Video report by ITV News Meridian's Andrew Pate
The problems surrounding homelessness in the South East are increasing every day, according to local charities.
They say more people will become homeless because of increasing financial difficulties, while those trying to support them are quickly running out of money.
Launchpad, a Reading-based charity which has set up an emergency appeal, has been offering accommodation and supplies to homeless people.
It says it needs financial donations in order to help vulnerable clients.
Scott Fraser from the charity says: "Clients who've already been affected by homelessness usually already have poor mental health or underlying health issues. Some may be affected by substance use or alcohol issues and the impact of the coronavirus on that is increasing the risk of relapse or deterioration of mental health."
Meanwhile Turning Tides, which has been supporting rough sleepers in West Sussex for almost thirty years, says things will 'only get worse'.
Chief Executive John Holstrom says: "We have to stay strong through this crisis, but out the other end, in six to twelve months, there is no doubt there is a pipeline of new people who are going to become homeless as their personal circumstances are affected."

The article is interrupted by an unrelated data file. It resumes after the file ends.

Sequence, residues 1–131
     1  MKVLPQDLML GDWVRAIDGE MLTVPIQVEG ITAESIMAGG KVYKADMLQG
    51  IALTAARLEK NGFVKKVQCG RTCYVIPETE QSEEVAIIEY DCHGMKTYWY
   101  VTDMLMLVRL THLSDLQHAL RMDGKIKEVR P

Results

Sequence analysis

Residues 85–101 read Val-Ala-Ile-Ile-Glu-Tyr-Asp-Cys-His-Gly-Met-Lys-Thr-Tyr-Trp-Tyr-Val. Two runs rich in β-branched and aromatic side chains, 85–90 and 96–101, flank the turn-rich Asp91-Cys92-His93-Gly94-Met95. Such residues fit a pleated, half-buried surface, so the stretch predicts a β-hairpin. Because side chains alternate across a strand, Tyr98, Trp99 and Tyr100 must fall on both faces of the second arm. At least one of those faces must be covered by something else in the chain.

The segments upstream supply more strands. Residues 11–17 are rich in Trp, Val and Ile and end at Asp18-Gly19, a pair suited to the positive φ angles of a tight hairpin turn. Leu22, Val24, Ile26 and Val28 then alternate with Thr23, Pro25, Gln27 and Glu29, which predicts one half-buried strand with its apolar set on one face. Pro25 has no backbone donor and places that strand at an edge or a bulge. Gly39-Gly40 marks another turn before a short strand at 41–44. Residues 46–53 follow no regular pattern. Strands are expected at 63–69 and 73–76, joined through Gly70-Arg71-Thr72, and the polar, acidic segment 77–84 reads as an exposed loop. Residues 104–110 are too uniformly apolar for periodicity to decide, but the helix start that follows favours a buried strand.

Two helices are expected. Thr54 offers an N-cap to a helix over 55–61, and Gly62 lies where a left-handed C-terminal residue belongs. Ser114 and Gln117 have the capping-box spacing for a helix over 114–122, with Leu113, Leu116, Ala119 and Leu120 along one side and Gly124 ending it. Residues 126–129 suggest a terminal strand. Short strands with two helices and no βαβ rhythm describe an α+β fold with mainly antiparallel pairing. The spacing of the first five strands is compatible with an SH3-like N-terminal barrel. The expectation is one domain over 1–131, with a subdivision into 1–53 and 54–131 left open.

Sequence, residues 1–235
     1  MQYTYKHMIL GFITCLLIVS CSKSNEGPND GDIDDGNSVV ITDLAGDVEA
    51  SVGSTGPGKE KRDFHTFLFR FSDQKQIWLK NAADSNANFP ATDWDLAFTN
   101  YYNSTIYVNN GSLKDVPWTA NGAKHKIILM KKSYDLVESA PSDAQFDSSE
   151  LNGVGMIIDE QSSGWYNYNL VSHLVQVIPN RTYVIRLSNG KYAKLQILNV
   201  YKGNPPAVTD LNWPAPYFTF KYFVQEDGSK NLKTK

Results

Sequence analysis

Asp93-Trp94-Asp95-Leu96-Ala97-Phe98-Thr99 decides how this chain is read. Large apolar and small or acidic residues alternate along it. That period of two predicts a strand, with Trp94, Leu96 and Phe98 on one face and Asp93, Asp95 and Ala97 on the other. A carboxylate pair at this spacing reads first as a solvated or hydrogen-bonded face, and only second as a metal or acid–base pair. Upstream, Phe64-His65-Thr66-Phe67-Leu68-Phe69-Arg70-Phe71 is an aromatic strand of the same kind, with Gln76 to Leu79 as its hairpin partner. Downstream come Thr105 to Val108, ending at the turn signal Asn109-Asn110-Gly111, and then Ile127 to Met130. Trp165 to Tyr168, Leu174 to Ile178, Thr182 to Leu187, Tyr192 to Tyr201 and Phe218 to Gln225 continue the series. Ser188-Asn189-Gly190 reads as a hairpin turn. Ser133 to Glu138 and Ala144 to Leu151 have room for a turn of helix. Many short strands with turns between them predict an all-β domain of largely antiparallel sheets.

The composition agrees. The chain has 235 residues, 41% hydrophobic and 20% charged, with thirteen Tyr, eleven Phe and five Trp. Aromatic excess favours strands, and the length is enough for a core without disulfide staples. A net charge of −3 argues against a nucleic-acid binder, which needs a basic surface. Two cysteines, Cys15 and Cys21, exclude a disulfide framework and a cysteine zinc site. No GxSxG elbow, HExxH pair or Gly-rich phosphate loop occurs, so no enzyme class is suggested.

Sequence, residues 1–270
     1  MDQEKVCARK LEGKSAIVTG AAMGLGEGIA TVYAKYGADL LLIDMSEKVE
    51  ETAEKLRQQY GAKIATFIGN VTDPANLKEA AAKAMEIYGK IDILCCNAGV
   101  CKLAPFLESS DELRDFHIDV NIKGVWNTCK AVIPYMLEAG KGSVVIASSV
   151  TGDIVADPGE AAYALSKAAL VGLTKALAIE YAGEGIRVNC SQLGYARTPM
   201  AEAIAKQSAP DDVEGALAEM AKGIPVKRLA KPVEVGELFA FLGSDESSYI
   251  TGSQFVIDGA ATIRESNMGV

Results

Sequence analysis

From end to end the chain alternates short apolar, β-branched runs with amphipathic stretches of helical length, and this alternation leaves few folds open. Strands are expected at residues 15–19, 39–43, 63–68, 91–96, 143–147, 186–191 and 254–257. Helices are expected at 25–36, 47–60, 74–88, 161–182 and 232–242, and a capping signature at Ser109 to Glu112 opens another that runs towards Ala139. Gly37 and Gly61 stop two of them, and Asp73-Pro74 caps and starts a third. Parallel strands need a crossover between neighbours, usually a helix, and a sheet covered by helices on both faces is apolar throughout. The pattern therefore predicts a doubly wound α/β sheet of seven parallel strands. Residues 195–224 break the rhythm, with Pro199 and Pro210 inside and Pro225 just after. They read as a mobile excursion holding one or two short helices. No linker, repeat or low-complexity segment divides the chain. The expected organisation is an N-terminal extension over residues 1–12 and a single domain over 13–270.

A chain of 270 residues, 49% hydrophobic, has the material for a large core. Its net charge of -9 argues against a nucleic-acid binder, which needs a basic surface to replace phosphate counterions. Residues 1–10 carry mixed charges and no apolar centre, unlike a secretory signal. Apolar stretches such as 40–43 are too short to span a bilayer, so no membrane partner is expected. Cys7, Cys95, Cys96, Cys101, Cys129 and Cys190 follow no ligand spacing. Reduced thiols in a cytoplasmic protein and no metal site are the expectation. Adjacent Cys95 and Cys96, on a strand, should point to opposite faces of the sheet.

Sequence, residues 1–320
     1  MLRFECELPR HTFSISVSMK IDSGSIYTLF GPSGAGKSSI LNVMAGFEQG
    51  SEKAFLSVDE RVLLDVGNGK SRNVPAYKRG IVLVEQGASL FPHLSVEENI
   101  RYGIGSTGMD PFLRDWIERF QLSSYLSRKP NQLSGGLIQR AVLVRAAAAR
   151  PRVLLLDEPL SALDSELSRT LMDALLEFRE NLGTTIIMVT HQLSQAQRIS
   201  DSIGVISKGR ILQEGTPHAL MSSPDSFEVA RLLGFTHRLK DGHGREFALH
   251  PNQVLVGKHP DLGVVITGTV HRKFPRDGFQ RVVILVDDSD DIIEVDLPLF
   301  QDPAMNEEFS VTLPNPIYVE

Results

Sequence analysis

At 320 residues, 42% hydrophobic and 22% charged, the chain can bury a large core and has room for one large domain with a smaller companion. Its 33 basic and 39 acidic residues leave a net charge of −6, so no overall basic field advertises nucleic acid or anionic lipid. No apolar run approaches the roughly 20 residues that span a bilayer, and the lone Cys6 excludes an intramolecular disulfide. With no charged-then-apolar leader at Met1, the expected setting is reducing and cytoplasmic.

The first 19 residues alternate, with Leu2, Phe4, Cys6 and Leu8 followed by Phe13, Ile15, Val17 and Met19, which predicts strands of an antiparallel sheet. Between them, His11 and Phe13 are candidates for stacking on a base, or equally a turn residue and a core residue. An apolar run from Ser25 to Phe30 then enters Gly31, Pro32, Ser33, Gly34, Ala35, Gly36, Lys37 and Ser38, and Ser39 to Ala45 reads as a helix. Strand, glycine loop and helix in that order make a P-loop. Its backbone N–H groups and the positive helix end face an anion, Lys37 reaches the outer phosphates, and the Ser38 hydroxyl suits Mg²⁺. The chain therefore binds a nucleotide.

And Kent charity Porchlight says its finances have 'never been tighter', as the need is greater than ever.
A traumatic incident in his past causes Pat to have night terrors, leaving him screaming in his sleep.
So far the city council hasn't been able to find anywhere willing to take him on.
I'd love to be indoors. I'd love to be indoors and away from this, I absolutely hate this. Sitting down and begging. I honestly feel degraded. It's horrible."
Situations like Pat's mean Elle's packed lunches are more important than ever.
Every Sunday for the last year, the eight-year-old has been delivering food to the homeless, travelling around Southampton with her mum looking for people in need of help.
During these uncertain times, she continues to deliver food to the homeless in the city.
This time, she was joined by MP Caroline Nokes.
What is really striking now is a lot of the homeless are reliant on passersby for food, for drink, for money. And of course there aren't any passersby. Southampton is really, really quiet, which is as it should be, but that means these people are finding it even harder to get food."